Apparently having a proper understanding is important too or else Christ wouldn't have promised to send the Spirit to lead us into truth:

"But when he, the Spirit of truth, is come, he will teach you all truth. For he shall not speak of himself; but what things soever he shall hear, he shall speak; and the things that are to come, he shall shew you." -St. John 16:13

He came, He taught, they proclaimed.

From participating in this conversation, I have realized something that is quite interesting. It seems that the Orthodox position is that the Holy Spirit led (past tense) the Apostles into all truth at Pentecost and the deed was done, whereas the Catholic viewpoint seems to be that Pentecost was the beginning of a process rather than a one-time event.

It is a one time event like the sacrifice of the mass (to use your term).
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« Reply #332 on: September 11, 2010, 08:26:45 AM »


I can see that I inadvertently stirred up hostility when I used the word "stagnant," which I would like to retract and apologize for because it carries a negative connotation that I did not intend when I said it. What would be better terminology perhaps would be dynamic versus static.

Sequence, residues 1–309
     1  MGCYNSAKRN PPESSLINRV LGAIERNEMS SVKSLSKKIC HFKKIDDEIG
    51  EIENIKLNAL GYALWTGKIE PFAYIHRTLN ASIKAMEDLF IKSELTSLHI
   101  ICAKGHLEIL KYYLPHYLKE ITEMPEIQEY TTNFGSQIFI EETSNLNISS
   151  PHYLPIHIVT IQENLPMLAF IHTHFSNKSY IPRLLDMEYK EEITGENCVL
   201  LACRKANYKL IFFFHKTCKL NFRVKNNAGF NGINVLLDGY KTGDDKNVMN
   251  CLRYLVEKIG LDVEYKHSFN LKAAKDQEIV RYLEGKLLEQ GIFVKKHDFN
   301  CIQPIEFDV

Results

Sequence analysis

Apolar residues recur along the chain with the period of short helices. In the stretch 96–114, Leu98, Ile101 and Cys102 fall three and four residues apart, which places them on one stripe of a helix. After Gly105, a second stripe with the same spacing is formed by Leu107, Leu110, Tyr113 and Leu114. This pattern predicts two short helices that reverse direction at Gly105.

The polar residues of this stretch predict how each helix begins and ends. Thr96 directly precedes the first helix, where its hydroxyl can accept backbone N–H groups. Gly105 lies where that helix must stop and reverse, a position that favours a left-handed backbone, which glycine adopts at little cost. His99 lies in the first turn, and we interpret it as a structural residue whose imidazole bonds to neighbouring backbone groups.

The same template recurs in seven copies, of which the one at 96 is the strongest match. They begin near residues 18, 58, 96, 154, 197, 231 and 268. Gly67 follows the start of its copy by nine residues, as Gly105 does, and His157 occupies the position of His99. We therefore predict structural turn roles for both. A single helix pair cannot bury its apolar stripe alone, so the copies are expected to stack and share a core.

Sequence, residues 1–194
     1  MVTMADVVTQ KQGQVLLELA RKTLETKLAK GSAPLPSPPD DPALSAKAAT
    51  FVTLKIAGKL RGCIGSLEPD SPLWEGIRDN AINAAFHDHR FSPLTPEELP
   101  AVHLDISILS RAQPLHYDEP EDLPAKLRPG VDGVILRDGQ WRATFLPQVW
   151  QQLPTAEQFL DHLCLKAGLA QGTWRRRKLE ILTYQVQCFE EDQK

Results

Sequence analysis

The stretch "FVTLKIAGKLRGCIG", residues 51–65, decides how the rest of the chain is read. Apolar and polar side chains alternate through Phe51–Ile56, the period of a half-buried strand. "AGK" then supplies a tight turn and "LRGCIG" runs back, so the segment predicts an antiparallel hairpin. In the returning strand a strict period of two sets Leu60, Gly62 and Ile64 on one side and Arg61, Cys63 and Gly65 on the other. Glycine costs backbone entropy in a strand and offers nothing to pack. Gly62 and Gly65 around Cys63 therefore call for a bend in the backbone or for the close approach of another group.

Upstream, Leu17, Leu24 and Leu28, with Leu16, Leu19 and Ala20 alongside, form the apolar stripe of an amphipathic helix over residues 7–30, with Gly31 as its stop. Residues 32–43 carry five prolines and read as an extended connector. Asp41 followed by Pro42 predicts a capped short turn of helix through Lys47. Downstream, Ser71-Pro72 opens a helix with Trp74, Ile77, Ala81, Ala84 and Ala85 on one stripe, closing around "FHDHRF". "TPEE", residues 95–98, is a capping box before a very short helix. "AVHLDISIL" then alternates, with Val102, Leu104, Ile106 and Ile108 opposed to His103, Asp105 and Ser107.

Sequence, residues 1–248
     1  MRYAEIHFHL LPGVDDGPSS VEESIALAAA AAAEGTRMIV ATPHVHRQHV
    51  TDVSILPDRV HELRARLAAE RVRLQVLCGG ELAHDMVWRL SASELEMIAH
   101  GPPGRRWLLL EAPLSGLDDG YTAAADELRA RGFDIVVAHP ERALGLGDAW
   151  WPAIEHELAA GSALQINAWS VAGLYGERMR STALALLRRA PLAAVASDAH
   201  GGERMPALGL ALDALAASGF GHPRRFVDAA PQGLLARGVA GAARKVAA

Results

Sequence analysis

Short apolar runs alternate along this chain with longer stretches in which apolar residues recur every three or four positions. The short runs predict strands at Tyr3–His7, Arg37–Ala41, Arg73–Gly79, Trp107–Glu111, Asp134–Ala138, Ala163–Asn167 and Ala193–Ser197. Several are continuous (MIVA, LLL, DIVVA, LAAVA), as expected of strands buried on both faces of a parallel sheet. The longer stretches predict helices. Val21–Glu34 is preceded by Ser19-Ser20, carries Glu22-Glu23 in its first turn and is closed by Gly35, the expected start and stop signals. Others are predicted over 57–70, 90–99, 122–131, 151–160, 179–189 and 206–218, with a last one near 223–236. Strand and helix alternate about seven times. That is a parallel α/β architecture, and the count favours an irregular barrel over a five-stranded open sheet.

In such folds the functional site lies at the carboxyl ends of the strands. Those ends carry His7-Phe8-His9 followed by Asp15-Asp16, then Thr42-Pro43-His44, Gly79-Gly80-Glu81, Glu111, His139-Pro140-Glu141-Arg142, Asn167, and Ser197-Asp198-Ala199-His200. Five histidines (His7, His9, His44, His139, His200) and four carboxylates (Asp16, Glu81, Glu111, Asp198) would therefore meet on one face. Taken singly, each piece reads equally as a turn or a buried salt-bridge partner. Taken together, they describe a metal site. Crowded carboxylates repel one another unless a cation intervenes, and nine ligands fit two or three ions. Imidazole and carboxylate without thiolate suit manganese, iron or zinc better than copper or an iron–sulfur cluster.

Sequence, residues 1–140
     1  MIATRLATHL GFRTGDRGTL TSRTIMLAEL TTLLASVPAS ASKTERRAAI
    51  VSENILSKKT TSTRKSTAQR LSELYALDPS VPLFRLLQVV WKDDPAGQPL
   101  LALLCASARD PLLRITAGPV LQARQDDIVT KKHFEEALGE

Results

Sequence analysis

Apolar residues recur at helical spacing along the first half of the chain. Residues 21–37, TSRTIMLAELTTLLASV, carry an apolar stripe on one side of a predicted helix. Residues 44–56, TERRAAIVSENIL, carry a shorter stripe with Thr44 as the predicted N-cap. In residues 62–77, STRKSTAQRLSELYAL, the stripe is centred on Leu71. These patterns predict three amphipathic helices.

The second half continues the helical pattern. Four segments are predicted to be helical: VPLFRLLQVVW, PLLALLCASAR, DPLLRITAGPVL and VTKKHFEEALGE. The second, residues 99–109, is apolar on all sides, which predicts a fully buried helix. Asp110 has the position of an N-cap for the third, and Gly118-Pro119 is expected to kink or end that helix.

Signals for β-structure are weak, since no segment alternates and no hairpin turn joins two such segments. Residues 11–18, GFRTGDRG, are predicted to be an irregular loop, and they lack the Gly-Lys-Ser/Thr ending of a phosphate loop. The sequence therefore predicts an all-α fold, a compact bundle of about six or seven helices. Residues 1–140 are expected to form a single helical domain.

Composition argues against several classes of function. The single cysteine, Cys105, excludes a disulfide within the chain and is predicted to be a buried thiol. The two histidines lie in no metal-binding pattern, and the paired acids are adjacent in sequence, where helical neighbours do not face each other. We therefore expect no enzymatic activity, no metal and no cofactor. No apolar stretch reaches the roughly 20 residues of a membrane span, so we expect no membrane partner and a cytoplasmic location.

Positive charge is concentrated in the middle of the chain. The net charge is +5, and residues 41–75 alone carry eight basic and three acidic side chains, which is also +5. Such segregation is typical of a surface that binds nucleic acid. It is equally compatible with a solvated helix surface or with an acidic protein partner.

Dynamic versus static

Matter of fact, I've told my brother to put my much loved copy of Lossky's "Mystical Theology" in with me in my coffin.

My father confessor had advised me to read Tanquerry's "The Spiritual Life" and to read it again and again.   Now although Tanquerey was then reading recommended for seminarians and young clergy, how dry and "stagnant" and "static" he is. Dynamic? - the word is one of the least applicable.  A textbook to be slogged through to discover the theological basis and the principles of Roman Catholic spiritual life.


But when I was reading Tanquerey, God came to my assistance and Lossky jumped off the library shelf and into my life and changed my heart forever.  Here was another treatise but *what* a difference!   Here was a vital interaction between ancient theology and personal spiritual life.   Lossky shows how the ancient doctrine of the Church vivifies our own lives.  There was nothing stagnant nor static.  It was a sheer joy to read.

Fr Ambrose o..o~


Well you might have a case if Tanquerey were the only spiritual writer in the Church.